(1) What were the causes and consequences of the Spanish revolt that occurred after Charles left to be crowned Holy Roman Emperor? When Charles was crowned king of Spain, he left Spain a little while later to be crowned the Holy Roman Emperor. While he was away, there was a revolt in Spain. The people who revolted appointed a new ruler, Queen Joanna, Charles’ own mother. About a year later, the Comuneros were defeated at the Battle of Villalar and the Comuneros were crushed, ending the revolt and the Comuneros leaders were executed.
(2) What were the causes of the Dutch revolt? What was the “demonstration effect”? According to The Memory, “The Dutch Revolt or Eighty Years’ War was a series of battles fought in the Netherlands between 1568 and 1648 which began when part of the Habsburg Empire resisted the, in their eyes, unjust rule of the Spanish King Philip II.” The results of the Dutch revolt were economic, political, and religious ones, but it was the religious problems that really got the revolt fired up. The “demonstration effect” is when people saw what other nations do, and try to implicate that into their own nation. The Dutch Republic was very successful at the time, and other countries tried to replicate that into their own countries.
(3) Who were the contenting parties in the French wars of religion? What was the St. Bartholomew’s Day Massacre? What was the Edict of Nantes? According to Lumen, “The French Wars of Religion (1562–98) is the name of a period of fighting between French Catholics and Protestants (Huguenots).” The Catholics really did not like the Huguenots, so they tried everything they could to try to get the Huguenots to either convert to Catholicism, or to leave/die. Eventually they asked the king if they could just go kill a bunch of Huguenots in a city. Since the king was like stressed out at this point, the king agreed. This killing ended up being named the St. Bartholomew’s Day Massacre. Hundreds of Huguenots died that day. Eventually, the Edict of Nantes was signed, ending the dispute between Catholics and Protestants.
(4) Describe the religious policy of Elizabeth I. Some people thought that she had no religion because of her attracted to parts of Catholicism while part of a different religion. She even changed her religion when she became queen in order to create a stable and peaceful nation. She kept changing her religion, so I am not sure that she had a permanent religion.
How was the English Reformation different from the German Reformation? There were several different ways in which these two reformations were different. One of the differences is they differed in doctrine, but the main difference is motivation. The German Reformation’s motivation was belief mainly, while the motivation of the English Reformation was mainly politics.
What do we learn about St. Francis Xavier’s missionary work in the letter you read for lesson 13? This letter was written by St. Francis Xavier and was named the letter from India, to the Society of Jesus at Rome. It is in this letter that we find out that St. Francis wanted to travel the world, and teach others about Jesus. Well, he got to do this. He even got the chance to evangelize in Japan. He was trying to get to China to share the Gospel, but died before he could.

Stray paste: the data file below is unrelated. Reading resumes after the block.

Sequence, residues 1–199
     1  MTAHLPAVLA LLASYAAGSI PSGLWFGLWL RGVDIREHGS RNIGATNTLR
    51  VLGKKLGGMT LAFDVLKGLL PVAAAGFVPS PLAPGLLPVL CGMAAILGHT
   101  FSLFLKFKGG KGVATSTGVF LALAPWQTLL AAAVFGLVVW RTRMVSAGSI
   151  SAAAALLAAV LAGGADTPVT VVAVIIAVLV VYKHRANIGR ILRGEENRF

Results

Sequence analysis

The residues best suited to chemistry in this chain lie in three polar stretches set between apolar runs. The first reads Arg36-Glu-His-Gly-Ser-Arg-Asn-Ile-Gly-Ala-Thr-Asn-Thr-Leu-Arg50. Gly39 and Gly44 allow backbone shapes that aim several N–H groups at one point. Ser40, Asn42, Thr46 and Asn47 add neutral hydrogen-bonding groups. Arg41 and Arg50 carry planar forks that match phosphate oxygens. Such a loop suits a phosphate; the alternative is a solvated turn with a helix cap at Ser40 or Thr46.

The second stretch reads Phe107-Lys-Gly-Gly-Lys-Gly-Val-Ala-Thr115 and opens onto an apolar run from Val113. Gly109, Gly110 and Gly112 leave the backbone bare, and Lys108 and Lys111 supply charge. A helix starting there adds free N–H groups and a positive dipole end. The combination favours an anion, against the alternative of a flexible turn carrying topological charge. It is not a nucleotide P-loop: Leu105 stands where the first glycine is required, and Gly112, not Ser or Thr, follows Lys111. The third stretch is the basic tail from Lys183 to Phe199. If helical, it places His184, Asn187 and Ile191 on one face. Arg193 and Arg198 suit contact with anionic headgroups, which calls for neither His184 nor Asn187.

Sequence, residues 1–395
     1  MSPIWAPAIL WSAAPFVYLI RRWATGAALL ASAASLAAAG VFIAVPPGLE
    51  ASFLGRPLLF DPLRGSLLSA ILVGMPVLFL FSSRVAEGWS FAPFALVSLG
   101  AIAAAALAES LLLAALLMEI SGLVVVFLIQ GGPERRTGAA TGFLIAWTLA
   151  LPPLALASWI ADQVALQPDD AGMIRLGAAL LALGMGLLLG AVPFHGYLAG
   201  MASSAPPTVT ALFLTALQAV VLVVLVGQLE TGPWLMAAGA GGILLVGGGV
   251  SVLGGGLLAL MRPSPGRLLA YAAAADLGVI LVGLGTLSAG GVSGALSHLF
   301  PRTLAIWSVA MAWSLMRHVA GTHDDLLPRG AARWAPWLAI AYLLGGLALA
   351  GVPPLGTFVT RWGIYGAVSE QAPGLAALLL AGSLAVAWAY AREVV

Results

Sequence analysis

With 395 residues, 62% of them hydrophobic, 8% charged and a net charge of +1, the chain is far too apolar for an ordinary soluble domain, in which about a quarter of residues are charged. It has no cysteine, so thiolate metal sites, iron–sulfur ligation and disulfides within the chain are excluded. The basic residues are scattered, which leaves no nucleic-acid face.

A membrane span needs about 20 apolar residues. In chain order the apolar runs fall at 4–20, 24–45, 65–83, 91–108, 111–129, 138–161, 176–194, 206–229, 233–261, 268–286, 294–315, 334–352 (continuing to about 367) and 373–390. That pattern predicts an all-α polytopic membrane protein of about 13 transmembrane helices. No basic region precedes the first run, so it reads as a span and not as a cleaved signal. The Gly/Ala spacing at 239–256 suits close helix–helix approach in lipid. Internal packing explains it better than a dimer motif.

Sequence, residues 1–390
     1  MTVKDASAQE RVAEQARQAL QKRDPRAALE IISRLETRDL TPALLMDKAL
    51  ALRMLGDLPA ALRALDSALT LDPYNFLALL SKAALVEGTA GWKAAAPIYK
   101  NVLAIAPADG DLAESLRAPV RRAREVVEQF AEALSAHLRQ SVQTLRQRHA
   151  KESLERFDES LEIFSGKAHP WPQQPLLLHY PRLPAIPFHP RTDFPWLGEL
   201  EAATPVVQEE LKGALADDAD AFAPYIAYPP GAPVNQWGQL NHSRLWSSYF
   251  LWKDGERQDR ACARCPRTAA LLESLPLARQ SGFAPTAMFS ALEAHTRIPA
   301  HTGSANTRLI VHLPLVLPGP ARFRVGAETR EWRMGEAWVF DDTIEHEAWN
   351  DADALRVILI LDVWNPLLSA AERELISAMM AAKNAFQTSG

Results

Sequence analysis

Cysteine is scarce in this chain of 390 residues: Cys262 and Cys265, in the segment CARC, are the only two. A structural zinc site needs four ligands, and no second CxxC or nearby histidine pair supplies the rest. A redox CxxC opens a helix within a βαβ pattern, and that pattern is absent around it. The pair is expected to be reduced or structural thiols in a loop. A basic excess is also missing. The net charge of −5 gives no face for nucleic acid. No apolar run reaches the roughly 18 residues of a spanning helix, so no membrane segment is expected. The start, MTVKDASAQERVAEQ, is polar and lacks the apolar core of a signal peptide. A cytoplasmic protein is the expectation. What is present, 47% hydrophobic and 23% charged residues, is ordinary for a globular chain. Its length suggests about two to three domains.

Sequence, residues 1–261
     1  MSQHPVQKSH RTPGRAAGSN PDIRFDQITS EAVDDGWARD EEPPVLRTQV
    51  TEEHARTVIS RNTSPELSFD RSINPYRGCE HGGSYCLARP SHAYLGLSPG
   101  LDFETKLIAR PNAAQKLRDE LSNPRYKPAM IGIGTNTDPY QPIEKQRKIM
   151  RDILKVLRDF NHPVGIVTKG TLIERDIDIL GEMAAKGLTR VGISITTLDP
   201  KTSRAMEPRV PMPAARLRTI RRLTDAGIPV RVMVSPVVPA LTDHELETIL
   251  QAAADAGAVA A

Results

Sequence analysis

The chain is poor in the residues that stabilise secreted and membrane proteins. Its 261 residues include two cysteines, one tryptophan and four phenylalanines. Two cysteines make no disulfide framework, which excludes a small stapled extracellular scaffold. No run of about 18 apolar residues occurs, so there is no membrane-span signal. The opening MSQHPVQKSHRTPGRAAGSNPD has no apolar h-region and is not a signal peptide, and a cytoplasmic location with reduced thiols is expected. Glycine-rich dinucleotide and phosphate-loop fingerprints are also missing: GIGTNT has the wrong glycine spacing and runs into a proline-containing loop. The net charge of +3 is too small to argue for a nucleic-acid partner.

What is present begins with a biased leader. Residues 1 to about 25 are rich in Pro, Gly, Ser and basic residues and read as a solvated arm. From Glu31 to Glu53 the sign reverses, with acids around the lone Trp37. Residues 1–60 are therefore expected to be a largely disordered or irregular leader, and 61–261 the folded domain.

What kind of impression are you left with by the Spiritual Exercises? Why is Ignatius concerned about careless discussion of faith and good works? According to Wikipedia, “The Spiritual Exercises, composed 1522–1524, are a set of Christian meditations, contemplations, and prayers written by Ignatius of Loyola, a 16th-century Spanish priest, theologian, and founder of the Society of Jesus.” The Spiritual Exercises were ultimately designed to undermine the Protestant belief. These Exercises were meant to counter the Protestant views, and the Protestant’s views in the 1500’s were based on faith. So, Ignatius puts an emphasis on works rather than faith.
How would you describe the condition of the Catholic Church on the eve of the Protestant Reformation? According to History, the Protestant Reformation was “the 16th-century religious, political, intellectual and cultural upheaval that splintered Catholic Europe, setting in place the structures and beliefs that would define the continent in the modern era.”
During this time there was a rise in High Masses, literary works being published, people listening to famous preachers, and pilgrimages. But, some of the things that these people did were not all good. During this time, the wars were savage, there were executions which were not uncommon, and people would be tortured for months and then killed.
The conditions in the Church itself was worse. Church members were preforming immoral conduct, they collected money from the public, and there was a lot of clerical ignorance because there were no seminaries to teach the preachers.
Above all, the Church was in desperate need for a reform, but it was not until the sixteenth century that reformation would at last arrive.
What were the Ninety-Five Theses about? What was the basic message of Luther’s complaint? According to Wikipedia, “The Ninety-five Theses or Disputation on the Power and Efficacy of Indulgences is a list of propositions for an academic disputation written in 1517 by Martin Luther, professor of moral theology at the University of Wittenberg, at the time controlled by the Electorate of Saxony.” Basically, the message he was trying to get across is that, according to History, “In his theses, Luther condemned the excesses and corruption of the Roman Catholic Church, especially the papal practice of asking payment—called “indulgences”—for the forgiveness of sins.” I am just going to say, paying for forgiveness for your sins is so dumb. Why pay for it when you can just do it for free? I think that this is one of the reasons that Luther was so against indulgences.